From here on I could enjoy myself. The trails on the last loop were sublime; hidden wet roots underneath pine needles, and tree stumps on the apexes of off camber corners. I enjoyed it. The course did some gratuitous climbing to make up the miles, zigzagging back and forth through a small section of forest. Each up was followed by an awesome down, though. It would have been better with someone to ride it with, as the trails sapped all speed and energy out of your legs, leaving you floundering without momentum on heavy, damp soil.
I knew the final climb was over when I crested it to see the Bristol channel staring back at me. The Sea! From here it was all downhill back into Minehead, where I was greeted by endless cake, and tea from my favourite tea company, Miles.
The Exmoor Explorer is a fantastic event run for all the right reasons. Although I feel it would be enhanced by becoming an official race, there are lots of people who disagree. Its current format allows a wider range of abilities to take part, which is certainly the aim at the end of the day. I had great pleasure in propping my Turner up in the finish area and watching successive groups of riders come over to stare at it – it garnered a lot of attention in a short space of time!
Trevor and Sarah have been my friends for the last five years. At least. Their friendship predates the scribblings of this blog, but if I think hard enough, I can still remember things that happened prior to the internet. When I was at the University of Bath, they were the first people who experienced the ‘not a runner’ Chris, and witnessed as I became enslaved to my bicycle.
At some point in 2008, I decided that I wanted to ride my Mountain Bike more than student life allowed, and I signed up for the Mountain Bike club trip to Cwn Carn in South Wales. I rode around with the group for a lap, and then tagged along for a fast lap with the guys who looked like they knew what they were doing. This was the first time I got to have a proper stare at Trevor’s arse, as we rode full throttle around the 10 mile loop. Trevor then asked whether I would race the British Uni championships being held at Cwn Carn a couple of weeks later, which I did. I think I owe him a lot for how things turned out.
Sarah studied biology with me at Bath. We were companions in nervously approaching the noticeboard in the 4 south building to see what our final grades would be after four years of study, and whether our destiny really did lie in science. That moment of stress was then followed up by a month of riding bikes in the British sunshine around Bath, without any other care in the world. I remember driving back to Devon with Levi in Sarah’s little car, the surfboard wedged so tightly that Levi couldn’t sit up straight in the passenger seat.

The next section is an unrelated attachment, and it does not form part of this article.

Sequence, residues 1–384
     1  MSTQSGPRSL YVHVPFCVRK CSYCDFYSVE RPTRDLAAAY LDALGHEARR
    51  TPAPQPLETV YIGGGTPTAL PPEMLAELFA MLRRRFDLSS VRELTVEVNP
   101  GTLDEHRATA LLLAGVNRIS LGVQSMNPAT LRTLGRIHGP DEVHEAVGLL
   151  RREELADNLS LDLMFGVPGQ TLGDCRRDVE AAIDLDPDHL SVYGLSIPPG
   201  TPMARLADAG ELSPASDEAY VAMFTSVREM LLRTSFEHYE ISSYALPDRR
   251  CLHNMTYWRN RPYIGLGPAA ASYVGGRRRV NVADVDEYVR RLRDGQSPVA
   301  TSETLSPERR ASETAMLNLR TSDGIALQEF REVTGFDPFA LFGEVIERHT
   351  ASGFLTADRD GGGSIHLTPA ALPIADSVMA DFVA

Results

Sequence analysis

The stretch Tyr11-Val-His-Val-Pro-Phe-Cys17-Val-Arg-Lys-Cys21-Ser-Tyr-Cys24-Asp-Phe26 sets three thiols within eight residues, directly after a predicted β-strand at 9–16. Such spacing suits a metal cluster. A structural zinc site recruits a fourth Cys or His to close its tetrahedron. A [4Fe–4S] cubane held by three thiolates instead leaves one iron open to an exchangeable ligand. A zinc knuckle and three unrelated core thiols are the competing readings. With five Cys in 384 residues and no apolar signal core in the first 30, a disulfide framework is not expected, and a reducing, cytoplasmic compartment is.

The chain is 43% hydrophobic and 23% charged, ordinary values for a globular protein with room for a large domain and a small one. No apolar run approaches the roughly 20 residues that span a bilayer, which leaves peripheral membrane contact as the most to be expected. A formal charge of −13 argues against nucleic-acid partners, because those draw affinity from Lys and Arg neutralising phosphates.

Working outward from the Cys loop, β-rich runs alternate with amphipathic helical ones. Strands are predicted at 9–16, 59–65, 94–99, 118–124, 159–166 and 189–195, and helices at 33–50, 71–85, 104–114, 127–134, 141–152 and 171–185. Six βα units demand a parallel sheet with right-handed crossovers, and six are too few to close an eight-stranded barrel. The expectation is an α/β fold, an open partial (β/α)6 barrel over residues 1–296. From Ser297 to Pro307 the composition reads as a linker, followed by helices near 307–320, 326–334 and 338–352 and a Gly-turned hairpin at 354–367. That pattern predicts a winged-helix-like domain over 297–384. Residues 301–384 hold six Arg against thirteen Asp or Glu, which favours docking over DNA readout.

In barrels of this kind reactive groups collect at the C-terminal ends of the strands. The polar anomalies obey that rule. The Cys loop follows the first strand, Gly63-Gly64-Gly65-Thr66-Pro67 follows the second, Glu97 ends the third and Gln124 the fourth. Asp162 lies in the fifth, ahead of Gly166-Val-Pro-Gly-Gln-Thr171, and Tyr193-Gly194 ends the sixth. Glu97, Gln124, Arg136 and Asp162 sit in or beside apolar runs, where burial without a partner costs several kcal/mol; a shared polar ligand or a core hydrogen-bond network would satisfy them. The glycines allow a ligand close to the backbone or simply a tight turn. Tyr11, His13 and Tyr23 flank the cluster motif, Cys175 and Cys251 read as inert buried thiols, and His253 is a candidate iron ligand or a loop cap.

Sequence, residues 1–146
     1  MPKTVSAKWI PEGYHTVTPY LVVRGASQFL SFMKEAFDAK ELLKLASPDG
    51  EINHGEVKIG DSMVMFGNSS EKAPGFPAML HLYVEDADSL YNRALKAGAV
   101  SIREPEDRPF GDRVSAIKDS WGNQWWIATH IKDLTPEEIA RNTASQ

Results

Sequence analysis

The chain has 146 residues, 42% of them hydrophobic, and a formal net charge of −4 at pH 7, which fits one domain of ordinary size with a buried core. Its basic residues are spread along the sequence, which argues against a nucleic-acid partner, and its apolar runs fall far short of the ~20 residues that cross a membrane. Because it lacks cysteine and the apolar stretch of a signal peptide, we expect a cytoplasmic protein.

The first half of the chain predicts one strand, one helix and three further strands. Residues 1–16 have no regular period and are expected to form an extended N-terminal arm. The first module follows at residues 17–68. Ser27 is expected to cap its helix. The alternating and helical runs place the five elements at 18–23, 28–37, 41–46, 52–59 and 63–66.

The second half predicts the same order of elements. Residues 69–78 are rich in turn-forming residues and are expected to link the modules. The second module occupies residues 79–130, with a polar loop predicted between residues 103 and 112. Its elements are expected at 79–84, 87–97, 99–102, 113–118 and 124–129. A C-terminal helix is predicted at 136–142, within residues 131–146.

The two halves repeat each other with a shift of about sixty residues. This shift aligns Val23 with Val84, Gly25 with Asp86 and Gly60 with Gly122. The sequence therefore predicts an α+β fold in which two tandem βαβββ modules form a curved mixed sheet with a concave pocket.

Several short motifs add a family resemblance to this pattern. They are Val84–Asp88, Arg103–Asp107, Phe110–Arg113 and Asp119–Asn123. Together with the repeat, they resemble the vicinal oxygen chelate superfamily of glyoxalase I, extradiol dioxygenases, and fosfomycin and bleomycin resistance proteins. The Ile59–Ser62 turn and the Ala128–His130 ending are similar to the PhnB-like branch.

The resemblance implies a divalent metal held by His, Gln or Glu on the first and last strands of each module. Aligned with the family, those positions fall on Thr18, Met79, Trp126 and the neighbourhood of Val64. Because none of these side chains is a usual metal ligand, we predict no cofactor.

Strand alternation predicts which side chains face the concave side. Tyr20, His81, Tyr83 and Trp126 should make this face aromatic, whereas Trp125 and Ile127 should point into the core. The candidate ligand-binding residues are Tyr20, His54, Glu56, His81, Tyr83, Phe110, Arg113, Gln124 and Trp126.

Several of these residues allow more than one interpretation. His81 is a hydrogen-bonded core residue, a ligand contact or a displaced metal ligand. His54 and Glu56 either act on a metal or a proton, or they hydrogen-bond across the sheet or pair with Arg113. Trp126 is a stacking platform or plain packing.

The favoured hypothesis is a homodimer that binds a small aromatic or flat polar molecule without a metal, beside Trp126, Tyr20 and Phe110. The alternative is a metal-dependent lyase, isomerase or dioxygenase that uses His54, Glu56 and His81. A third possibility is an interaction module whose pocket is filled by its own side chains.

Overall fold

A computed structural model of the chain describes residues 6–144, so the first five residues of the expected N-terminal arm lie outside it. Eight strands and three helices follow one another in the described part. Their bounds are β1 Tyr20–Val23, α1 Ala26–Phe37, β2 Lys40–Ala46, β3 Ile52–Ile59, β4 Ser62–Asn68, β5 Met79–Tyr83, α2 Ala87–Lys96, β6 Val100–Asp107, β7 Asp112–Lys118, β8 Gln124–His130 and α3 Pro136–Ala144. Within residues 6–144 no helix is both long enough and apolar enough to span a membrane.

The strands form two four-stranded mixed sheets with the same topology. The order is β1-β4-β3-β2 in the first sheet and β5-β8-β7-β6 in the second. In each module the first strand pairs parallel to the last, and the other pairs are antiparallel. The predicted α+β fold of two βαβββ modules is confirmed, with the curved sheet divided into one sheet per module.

Since I departed for the US, my time with Trevor and Sarah has extended to a couple hours on either side of my time at Heathrow airport. Their hospitality has given me a comfortable place to crash after a transatlantic flight. Last Christmas was the first time I actually got to do more than have a cup of tea with them, as they showed Christa and I around the pleasant lanes of Hampshire by bicycle. I was pleased, then, that Trevor told me he was making their situation permanent and having a party to celebrate doing so. I was even happier when I realised that I could come back to join the festivities.
Odiham is an enigma to me. Devon born and bred, it was firmly beaten into me that nice countryside doesn’t exist that close to London. My many journeys up the M3 on the way to Heathrow reinforced this notion too. So when I pulled off the M3 at Christmas, and rode with Trevor and Sarah through pretty villages, I was a little surprised with what I found. It meant I was a lot more excited to come back for the wedding, too. The wedding day was hot. So hot that I waited until the last possible minute to put on my glad rags.
The Church filled quickly as it approached 2pm, and I recognised more people than I expected. An eclectic mix of cyclists who either preceded or followed my tenure at Bath Uni Cycling Club. The families divided into each side of the church, and the friends filled in behind. Bike riders stewed in their formal attire – some concerned that they may perspire enough to disappear inside their suits never to be seen again. The ceremony was short and sweet. Literally. Before long the confetti drifted through the stiff summer air and Mr and Mrs Allen were off through the countryside aboard Luke’s 1920’s Bentley.
We drove in convoy to Sarah and Trevor’s house on the outskirts of Odiham. They had extended their garden into the farmers field next door and erected a huge marquee. Suddenly the wedding made sense to me. Trevor had said they were having a ‘tent in the garden’ for the reception, underselling the event in typical engineer fashion. The atmosphere and vibe of a garden party was exactly right for the party. People didn’t need direction to settle into drinking some champagne, socialising and generally basking in the high afternoon sun.
The sun finally relented in the late evening in time for the lights to dim and the music to turn on. The excellent family speeches shed new light of both Trevor and Sarah for me, and cemented something I’ve known since I first saw them together – their ease of companionship is everything I ever want from life. It’s truly heartwarming.
The evening turned to night, which turned to the slow departure of weary guests. I realised, towards the end of the night that there’s a small window in life where weddings are enjoyable. I don’t know when it happened, but I’m going to embrace it while it lasts!